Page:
I seen this in telecom digest today, and I thought it was the funniest thing in the world.

Date: Sun, 26 Oct 2003 13:27:42 GMT
From: joel@exc.com (Dr. Joel M. Hoffman)
Subject: Irresponsible Techs was Re: Vonage, and Digressing
Organization: Excelsior Computer Services

In a similar vein, I remember several years ago having not one but TWO dial tones on my pair, due to, I think, water damage and crossed wires. The situation also gave me very loud static. When I was using my line, my dial tone would disappear (as it should), but I'd still have to scream to be heard over the other dial tone and considerable static. One week (!) after placing a trouble report, I got a phone call.

"WHO'S CALLING," I yelled, trying to be heard over the noise and static.

"mumble mumble" was the response.

"WHO IS CALLING!?" I yelled louder.



2 thoughts on “”

  1. Speaking of phone stuff, what do you think of this new number portability deal? How will this effect the usefulness of your telcodata database? (That is, since the phone number won't be necessarily matched to any particular carrier.)

    1. Number portability has gone on for years. This will not be that much different, despite the incredible press it has received.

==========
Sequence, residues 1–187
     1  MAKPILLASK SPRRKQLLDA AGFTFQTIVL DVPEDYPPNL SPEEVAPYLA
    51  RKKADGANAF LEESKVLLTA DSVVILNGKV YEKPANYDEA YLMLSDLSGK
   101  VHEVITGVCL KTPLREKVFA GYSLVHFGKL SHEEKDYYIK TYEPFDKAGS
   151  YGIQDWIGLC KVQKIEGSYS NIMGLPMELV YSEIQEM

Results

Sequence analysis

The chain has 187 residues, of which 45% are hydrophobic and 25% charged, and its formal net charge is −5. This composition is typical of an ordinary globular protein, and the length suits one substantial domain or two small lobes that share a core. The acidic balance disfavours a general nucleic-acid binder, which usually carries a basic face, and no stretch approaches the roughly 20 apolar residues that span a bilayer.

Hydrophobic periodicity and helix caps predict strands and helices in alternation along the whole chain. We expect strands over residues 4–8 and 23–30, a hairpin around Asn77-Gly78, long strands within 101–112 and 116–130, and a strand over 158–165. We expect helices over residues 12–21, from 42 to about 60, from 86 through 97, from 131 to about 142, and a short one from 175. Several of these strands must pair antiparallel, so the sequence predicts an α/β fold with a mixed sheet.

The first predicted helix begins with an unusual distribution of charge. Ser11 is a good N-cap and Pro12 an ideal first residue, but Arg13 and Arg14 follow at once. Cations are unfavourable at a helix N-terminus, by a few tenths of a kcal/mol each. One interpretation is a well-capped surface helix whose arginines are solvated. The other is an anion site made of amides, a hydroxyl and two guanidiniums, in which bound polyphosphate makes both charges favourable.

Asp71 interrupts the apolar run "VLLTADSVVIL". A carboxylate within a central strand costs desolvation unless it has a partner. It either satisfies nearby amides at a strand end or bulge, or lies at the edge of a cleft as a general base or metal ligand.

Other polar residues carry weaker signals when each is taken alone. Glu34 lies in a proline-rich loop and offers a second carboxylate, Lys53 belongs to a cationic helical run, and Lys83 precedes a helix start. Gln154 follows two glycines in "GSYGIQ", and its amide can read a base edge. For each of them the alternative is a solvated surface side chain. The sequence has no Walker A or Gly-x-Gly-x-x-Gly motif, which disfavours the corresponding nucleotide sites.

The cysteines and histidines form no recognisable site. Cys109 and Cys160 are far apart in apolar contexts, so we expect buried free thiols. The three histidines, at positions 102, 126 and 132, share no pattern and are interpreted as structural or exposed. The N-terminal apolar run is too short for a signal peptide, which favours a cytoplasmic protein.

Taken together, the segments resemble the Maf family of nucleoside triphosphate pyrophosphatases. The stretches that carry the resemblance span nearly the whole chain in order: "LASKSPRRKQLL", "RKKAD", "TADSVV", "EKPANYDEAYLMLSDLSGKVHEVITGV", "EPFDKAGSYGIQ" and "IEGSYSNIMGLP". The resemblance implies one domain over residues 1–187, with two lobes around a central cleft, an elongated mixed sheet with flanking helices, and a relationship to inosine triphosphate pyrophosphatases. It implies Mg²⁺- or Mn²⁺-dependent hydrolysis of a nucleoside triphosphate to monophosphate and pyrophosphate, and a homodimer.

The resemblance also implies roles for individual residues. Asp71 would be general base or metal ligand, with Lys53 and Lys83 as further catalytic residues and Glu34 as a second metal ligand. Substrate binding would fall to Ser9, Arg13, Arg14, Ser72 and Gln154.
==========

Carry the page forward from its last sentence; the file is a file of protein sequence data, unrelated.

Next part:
Disclosure of number porting is a huge privacy problem. I think if people start porting cell-> landline and landline -> cell it'll get really interesting for the telemarketers, since telemarketing to cellular phones is illegal.

      Either way, because this information won't be available to the general public, I'll have no ways of accessing it. You'll at least know who is responsible most of the time, since only a minority of the numbers will actually be ported.

      I predict that eventually porting will be basically ubiquitous and long distance/local will become irrelevant so we don't have to expand the number base to 13 digits. You can be in a completely different area code than your neighbor and it won't matter, because your calls won't be billed on distance anymore. Think I'm crazy? Look at cellular telephones and say it with a straight face.
      This will eventually be the saving grace, simply allowing unused numbers allocated to death valley to be used in new york, where they need a few more. Why not? People bitch when they have to dial ten digits, imagine how whiny they would get if they had to dial 13. Imagine all the software that has ten digit long buffers encoded within for phone number storage. (Try looking up the documentation for the maximum length of a phone number for dialback authentication on a Baytech terminal server's modem card. I'll save you the time, it's 12 digits. Enough space to dial 9, 1, then a ten digit phone number.)

      Eventually my database will be irrelevant. But hopefully by then there will be an alternate way to figure this sort of thing out.

Leave a Reply